Former Steelers running back and proverbial home town hero James Conner made his departure from Pittsburgh official yesterday when he signed with the Arizona Cardinals. This move was not as surprise, as all indications were that the Steelers had no interest in offering James Conner a second contract.
- The move is nonetheless disappointing because Hollywood couldn’t have scripted the beginning of his story better.
The Steelers drafted James Conner in the 3rd round of the 2017 NFL Draft. Although Le’Veon Bell had just broken the Steelers single-game regular season and post-season rushing records – records that neither Hall of Famers John Henry Johnson, nor Franco Harris nor Jerome Bettis nor Super Bowl record holder Fast Willie Parker ever touched – it was clear that the Steelers needed someone to share the load with Bell.
- James Conner seemed tailor made to fit that role.
James Conner didn’t just hail from Erie and hadn’t just played his college ball at Pitt, but he’d beaten cancer and a ACL injury to log a 1,000 yard season with the Panthers. His injury history allowed him to fall. It seemed like the Steelers were getting a starter-capable running back for a 3rd round compensatory selection.
Nice story, except things rarely work out as scripted.
James Conner only carried the ball 32 times as a rookie, his blocking ability limiting his ability to serve as a complementary back to Le’Veon Bell (or maybe the coaches just wanted to feed Bell the ball.)
Unfortunately, fate did not smile more kindly on Conner following his rookie year.
The Steelers erred badly by placing the franchise tag on Le’Veon Bell, as Le’Veon Bell held out. At first that seemed like a boon for the Steelers. James Conner ran with authority, prompting fans to throw together all sorts of stats that implied that the Steelers were better with Conner.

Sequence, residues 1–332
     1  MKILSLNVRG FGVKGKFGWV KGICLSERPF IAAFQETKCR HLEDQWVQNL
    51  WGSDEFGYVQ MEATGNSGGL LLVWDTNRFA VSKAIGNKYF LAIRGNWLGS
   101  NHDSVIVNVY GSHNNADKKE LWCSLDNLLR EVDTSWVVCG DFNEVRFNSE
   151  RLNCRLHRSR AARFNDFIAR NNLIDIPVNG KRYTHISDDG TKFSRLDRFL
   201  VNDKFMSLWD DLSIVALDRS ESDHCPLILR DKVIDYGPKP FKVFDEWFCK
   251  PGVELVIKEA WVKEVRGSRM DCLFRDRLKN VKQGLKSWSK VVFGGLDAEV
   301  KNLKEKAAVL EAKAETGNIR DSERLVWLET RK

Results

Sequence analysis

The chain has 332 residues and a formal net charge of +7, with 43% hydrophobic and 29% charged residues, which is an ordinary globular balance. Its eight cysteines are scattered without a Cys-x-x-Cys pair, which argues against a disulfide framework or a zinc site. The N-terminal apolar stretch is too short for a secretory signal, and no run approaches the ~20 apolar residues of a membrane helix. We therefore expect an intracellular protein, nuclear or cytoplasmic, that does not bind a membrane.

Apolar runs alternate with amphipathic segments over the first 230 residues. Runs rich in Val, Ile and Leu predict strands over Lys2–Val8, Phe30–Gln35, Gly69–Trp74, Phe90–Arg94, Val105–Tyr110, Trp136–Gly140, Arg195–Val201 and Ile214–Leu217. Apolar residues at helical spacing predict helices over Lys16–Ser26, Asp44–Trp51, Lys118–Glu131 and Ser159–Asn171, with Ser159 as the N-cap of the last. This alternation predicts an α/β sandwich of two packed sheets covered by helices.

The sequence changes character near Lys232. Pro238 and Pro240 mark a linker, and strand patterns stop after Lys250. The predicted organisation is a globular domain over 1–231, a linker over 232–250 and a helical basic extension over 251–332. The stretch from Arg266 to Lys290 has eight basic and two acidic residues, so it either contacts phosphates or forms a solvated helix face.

When it became clear that Bell was going to hold out, coaches started cutting back on Conner’s work load in the interests of preserving his health. When Bell’s hold out became permanent, this site observed that:
Today the Steelers are legitimate Super Bowl contenders; a serious injury to James Conner immediately downgrades them to a team that, with a few breaks, could win perhaps win a playoff game.
- Almost as if on cue, James Conner got hurt in the Steelers loss to the San Diego er um, LA Chargers.
The Steelers, fate would have it, struggled and missed the playoffs. The following year James Conner had a shaky start to 2019, as the offense struggled to adjust from the absence of Ben Roethlisberger and Antonio Brown while defenses stacked the box daring Mason Rudolph and Devlin Hodges to throw.
- Injuries was strike Conner down, forcing him to miss five games and parts of several others.
In 2020, just when it seemed like Benny Snell might be eclipsing him in the offense, James Conner responded with 3 one hundred yard games between weeks 2 and 5. But Conner would find himself on the COVID-19 list, then suffered a minor injury. Meanwhile, Pittsburgh’s run blocking regressed to the point where it became downright pathetic.
- 2021 brought Conner one last chance at capturing glory for his hometown.
The Steelers had a home playoff game against their historic rivals, the Cleveland Browns. It’s the opportunity every kid who, after unwrapping a football under the Christmas tree got admonished, “I don’t want to see yinz throwing that in the house” dreamed of.
- And of course Maurkice Pouncey’s high snap started the “Hindenburg Rescues the Titanic” disaster that followed.
For what its worth, James Conner caught the game’s final pass, a two point conversion that followed Chase Claypool’s touchdown. Good for him to end things on a high note. James Conner, giving it has all to the bitter end his who he is.
- But on balance, James Conner’s Steelers career shows that sometimes the stars just don’t line up.
Steel Curtain Rising thanks James Conner for his 4 years with the Steelers and wishes him nothing but the best in Arizona.